24

A PREHISTORIC SEQUENCE

side, and virtually all tributaries on the west side (including Arroyo Yeso, Arroyo de la Mora, Wylie Draw and Higgins Creek) are not noted; bends in the river are apparently portrayed only conventionally, with the exception of the large bend above Navajo Crossing; and finally, probably due to circumstances less easily controlled, the parallels of 34° and 33° 30' are drawn between ten and twelve miles too far to the north. It appears, however, to be the first attempt at an accurate topographic portrayal and description of the area of our study. The 1851 report of J. S. Calhoun, then U. S. Indian Agent in Santa Fe, indicates (p. 197) that tlie Bosque Redondo was a locality favored by Comanches and Apaches (p. 195). In the same year a license was issued for an Indian "trading post" (probably to the Comancheros), in the Bosque (Frazer, 1965), though no subsequent accounts mention the presence of such an establishment. In testimony before a congressional committee meeting at Fort Sumner in the Bosque Redondo in 1865, James M. Giddings revealed that the northern Middle Pecos Valley was not entirely without settlement in the 1850's (U.S. Congress Joint Special Committee, 1867: 342-343). He states that: [I] first came here in 1835, returned in 1836, came back again in 1840, and have remained here ever since [probably referring to New Mexico]. I have lived on the Pecos some three or four miles [thirty or forty (?) see p. 31] from here since 1853. I have kept a ranch, cattle, and sheep, and have been farming. . . . I have had from eight to thirtythree families in my house or fortification. . . . This reservation has been very little used as pasturage grounds by the Mexicans on account of its proximity to the Comanches and other Indians.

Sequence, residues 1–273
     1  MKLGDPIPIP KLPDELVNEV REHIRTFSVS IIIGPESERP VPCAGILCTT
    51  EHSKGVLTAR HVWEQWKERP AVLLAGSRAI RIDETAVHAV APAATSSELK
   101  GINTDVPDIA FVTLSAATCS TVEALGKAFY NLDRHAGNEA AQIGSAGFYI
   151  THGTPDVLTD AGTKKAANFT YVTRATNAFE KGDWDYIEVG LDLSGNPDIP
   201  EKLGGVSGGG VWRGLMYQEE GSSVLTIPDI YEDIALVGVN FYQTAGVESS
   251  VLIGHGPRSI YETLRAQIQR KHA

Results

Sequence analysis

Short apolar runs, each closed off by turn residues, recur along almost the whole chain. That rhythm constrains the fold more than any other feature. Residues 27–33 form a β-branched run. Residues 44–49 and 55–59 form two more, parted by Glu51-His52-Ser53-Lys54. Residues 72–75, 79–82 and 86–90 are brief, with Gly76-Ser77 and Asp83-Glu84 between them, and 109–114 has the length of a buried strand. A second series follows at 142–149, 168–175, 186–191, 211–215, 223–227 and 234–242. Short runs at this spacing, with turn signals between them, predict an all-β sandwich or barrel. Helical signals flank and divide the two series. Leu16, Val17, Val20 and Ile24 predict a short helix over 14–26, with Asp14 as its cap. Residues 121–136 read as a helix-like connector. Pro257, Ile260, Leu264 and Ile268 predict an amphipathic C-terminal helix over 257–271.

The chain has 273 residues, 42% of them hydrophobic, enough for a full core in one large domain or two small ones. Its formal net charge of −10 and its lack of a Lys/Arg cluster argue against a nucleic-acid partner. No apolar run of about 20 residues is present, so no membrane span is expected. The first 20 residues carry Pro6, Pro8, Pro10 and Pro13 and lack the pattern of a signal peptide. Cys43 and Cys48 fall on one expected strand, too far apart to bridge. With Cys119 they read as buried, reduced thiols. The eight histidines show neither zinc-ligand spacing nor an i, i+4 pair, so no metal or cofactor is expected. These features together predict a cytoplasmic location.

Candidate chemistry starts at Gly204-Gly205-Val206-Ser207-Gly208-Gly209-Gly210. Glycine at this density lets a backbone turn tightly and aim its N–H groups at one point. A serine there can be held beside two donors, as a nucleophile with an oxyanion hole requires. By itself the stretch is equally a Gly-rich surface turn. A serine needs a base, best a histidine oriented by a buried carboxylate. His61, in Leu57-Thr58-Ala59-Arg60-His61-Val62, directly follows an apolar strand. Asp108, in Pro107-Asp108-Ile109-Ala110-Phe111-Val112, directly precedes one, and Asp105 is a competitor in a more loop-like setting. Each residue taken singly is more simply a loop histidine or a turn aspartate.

Regarding natural conditions his testimony furnished the following: The grasses on the reservation [a forty mile square around the Bosque Redondo with old Fort Sumner at the center] outside of the lands capable of irrigation are very fine and nutritious, much better than the grasses of the latter. Cattle, sheep, horses and mules keep in good condition all winter without hay, from the natural pasturage. On the lands of the reservation, each section of land one mile square would sustain, summer and winter, one hundred head of cattle. . . . This reservation would maintain one sheep to the acre, winter and summer, more than one million sheep in all. There is mesquite all over the reservation; it is the very best kind of fuel. There are some bottoms here on the river subject to overflow, when if once ploughed and stock kept out, will spring up to cottonwood very thick. . . [implying that Tamarix, the salt cedar, was not present in any quantity in this area in 1865].